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Edina Community Lutheran Church v. State: 1ST AMENDMENT | RLUIPA - Minnesota gun sign law and churches under Minnesota and U.S. Constitions

Edina Community Lutheran Church,
Unity Church of St. Paul,
State of Minnesota,
Filed February 5, 2008
Affirmed in part and reversed in part
Minge, Judge
Hennepin County District Court
File No. 27-CV-05-011659
David L. Lillehaug, Frederikson & Byron, P.A., 200 South Sixth Street, Suite 4000,
Minneapolis, MN 55402 (for respondent Edina Community Lutheran Church)
Marshall H. Tanick, Mansfield, Tanick & Cohen, P.A., 220 South Sixth Street, Suite
1700, Minneapolis, MN 55402 (for respondent Unity Church of St. Paul)
Lori Swanson, Attorney General, Peter Marker, Jocelyn F. Olson, Assistant Attorneys
General, 1800 Bremer Tower, 445 Minnesota Street, St. Paul, MN 55101-2134 (for
Considered and decided by Stoneburner, Presiding Judge; Halbrooks, Judge; and
Minge, Judge
1. Provisions of the Minnesota Citizens Personal Protection Act of 2005 that
effectively (a) require that before a church may order a person carrying a firearm to leave
its premises, the church must (i) post at every entrance signs that conform to specific
requirements, or (ii) personally inform each person that guns are prohibited and demand
compliance; (b) preclude churches from prohibiting guns in parking areas on church
property; and (c) preclude churches from prohibiting their tenants and the guests of
tenants from having guns on church property are unconstitutional under article I, section
16, of the Minnesota Constitution.
2. The granting of an injunction that recognizes an exemption for churches that is
analogous to the statutory exemption applicable to private residences under the
Minnesota Citizens Personal Protection Act of 2005 does not violate the Establishment
Clause of the First Amendment to the United States Constitution.
3. Provisions of the Minnesota Citizens Personal Protection Act of 2005 relating
to the exclusion of guns from private property do not constitute land use regulations,
within the meaning of the Religious Land Use and Institutionalized Persons Act of 2000,
chapter 2000cc of title 42 of the United States Code.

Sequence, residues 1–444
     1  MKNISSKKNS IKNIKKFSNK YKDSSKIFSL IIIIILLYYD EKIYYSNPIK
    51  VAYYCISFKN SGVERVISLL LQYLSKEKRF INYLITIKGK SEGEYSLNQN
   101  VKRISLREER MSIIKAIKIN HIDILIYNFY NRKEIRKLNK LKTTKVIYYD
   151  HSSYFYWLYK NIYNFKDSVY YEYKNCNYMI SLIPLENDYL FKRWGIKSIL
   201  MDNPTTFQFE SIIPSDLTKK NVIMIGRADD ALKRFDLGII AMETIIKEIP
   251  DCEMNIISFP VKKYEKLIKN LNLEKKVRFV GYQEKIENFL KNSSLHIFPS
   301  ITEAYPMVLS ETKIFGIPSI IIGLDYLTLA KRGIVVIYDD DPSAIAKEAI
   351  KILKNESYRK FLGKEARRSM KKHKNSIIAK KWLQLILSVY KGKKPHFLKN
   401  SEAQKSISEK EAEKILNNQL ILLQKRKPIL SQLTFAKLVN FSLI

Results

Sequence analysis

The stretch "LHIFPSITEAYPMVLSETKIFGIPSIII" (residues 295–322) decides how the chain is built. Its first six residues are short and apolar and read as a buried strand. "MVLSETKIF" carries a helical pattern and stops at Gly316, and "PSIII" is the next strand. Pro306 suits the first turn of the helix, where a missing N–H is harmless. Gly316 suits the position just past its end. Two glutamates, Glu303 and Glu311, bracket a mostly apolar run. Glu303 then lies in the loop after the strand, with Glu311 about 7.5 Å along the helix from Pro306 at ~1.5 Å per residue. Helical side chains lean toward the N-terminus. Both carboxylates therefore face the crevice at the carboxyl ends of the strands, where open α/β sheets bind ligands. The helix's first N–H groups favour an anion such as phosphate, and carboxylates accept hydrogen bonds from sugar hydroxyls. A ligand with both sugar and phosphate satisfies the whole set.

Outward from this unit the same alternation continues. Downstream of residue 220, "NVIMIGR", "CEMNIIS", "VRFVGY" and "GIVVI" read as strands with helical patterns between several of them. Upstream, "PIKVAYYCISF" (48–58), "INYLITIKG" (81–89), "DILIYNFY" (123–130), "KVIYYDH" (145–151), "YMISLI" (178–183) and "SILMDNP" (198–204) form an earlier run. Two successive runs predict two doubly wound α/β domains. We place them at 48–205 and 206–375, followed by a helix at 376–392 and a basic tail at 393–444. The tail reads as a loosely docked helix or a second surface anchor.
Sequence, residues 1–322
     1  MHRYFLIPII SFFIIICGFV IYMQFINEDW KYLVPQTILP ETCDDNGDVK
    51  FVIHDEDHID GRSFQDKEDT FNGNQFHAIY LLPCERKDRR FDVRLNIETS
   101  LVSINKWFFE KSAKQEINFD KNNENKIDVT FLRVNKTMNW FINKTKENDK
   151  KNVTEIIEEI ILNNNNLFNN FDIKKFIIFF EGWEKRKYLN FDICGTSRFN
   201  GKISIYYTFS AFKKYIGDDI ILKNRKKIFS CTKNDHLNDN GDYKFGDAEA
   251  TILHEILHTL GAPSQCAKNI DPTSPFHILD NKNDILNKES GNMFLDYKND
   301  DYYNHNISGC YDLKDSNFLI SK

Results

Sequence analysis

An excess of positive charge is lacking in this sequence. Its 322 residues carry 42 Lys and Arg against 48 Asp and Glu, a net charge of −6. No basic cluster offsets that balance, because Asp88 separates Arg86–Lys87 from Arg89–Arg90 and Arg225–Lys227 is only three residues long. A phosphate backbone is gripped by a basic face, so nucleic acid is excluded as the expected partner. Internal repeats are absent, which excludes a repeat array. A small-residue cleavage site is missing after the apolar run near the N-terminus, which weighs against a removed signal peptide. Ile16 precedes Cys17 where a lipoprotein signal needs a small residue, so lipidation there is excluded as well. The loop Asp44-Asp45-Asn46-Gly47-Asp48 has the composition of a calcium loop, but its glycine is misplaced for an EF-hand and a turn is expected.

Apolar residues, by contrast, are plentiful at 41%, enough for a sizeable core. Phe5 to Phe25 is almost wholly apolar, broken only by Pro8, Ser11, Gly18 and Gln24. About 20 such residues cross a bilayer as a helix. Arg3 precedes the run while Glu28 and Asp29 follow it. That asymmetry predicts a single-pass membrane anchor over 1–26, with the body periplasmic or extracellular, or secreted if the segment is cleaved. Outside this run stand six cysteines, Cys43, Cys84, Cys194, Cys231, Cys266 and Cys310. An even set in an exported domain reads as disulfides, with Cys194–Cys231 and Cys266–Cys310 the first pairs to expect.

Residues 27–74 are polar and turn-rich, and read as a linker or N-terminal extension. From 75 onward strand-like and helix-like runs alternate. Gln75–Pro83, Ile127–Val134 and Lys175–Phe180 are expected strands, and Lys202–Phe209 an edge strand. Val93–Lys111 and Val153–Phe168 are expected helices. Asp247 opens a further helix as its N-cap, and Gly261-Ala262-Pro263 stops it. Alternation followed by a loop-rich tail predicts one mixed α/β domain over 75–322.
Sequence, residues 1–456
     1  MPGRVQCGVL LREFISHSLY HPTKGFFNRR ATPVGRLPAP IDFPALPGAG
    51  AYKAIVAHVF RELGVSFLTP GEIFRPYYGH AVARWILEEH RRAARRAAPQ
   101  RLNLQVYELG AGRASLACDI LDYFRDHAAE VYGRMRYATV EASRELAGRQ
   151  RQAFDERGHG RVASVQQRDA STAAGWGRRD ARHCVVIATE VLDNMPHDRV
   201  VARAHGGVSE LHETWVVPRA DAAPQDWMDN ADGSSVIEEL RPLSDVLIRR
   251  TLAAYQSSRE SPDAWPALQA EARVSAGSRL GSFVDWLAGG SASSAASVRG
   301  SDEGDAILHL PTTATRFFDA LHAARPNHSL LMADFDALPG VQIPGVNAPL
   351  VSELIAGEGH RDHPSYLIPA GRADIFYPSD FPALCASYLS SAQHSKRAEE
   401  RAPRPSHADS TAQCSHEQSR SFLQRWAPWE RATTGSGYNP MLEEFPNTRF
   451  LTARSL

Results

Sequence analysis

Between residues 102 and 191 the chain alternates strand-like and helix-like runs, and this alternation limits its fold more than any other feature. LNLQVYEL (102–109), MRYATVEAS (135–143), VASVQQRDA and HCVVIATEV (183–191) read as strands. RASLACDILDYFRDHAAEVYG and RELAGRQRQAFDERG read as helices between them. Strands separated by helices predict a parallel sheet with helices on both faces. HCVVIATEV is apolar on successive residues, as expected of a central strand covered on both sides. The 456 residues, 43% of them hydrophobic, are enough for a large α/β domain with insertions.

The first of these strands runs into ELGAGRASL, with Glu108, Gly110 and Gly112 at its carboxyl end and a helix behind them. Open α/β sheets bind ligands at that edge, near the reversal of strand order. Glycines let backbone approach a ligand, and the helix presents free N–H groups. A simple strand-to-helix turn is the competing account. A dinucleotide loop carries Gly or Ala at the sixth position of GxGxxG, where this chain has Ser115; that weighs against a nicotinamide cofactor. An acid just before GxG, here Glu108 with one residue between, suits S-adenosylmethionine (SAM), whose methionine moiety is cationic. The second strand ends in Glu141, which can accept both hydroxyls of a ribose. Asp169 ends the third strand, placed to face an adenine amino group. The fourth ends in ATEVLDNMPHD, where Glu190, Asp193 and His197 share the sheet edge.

MINGE, Judge
Appellant State of Minnesota challenges the district courts grant of a permanent
injunction barring enforcement of certain provisions of the 2005 Minnesota Citizens
Personal Protection Act (the 2005 Act) against respondent churches. Appellant contends
that the district court erred by (a) concluding that the 2005 Act excessively burdens the
rights of respondents protected by Minn. Const. art. I, 16; (b) determining that the 2005
Act violates respondents rights under U.S. Const. amend. I; and (c) finding that the 2005
Act violates the Religious Land Use and Institutionalized Persons Act of 2000
(RLUIPA), 42 U.S.C. 2000cc. Appellant also argues that the recognition of an
exemption for the churches from statutory provisions generally applicable to private
establishments violates the Establishment Clause of the federal constitution.
Because the district court did not err in granting injunctive relief based on the state
constitutional provision guaranteeing religious liberty, and because the district courts
recognition of an exemption does not constitute an impermissible establishment of
religion, we affirm in part. Because this decision rests on independent and adequate state
constitutional grounds, we do not reach the question of whether the district court erred in
finding the 2005 Act unconstitutional under the First Amendment of the United States
Constitution. Finally, because we conclude that the provisions of the 2005 Act pertaining
to the exclusion of guns from private property do not constitute land use regulations,
we reverse that part of the district courts decision finding the 2005 Act to be in violation
In April 2003, the Minnesota Legislature adopted 2003 Minn. Laws ch. 28 (the
2003 Act). The legislation was immediately challenged in at least two separate actions:
its enforcement was temporarily enjoined by one district court at the request of religious
organizations asserting violations of state and federal constitutional provisions, and it was
declared by a different district court to violate the single-subject requirement of Minn.
Const. art. IV, 17. See Unity Church of St. Paul v. State, 694 N.W.2d 585, 590, 599 n.2
(Minn. App. 2005) (discussing different challenges to the 2003 Act), review dismissed
(Minn. June 9, 2005).
On appeal from the judgment in favor of the challengers in the single-subject suit,
this court affirmed the determination that articles 2 and 3 of the session law were
unconstitutional because they were not germane to the same subject as article 1, which
contained many provisions on topics relating to natural resources, but which were
unrelated to handgun permitting and firearm regulation. Id. at 595. Although the district
court had indicated its willingness to find the 2003 Act unconstitutional under
Minnesotas Freedom-of-Conscience Clause, Minn. Const. art. I, 16, this court declined
to offer an advisory opinion on the alternative arguments raised by the challengers,
leaving those issues for another day. Id. at 600.
This courts opinion was filed on April 12, 2005, and the state petitioned the
supreme court for further review. Id., pet. for rev. filed (Minn. May 11, 2005). Shortly
thereafter, the legislature reenacted the provisions of articles 2 and 3 retroactively and
without interruption from April 28, 2003 and added certain amendments in a session law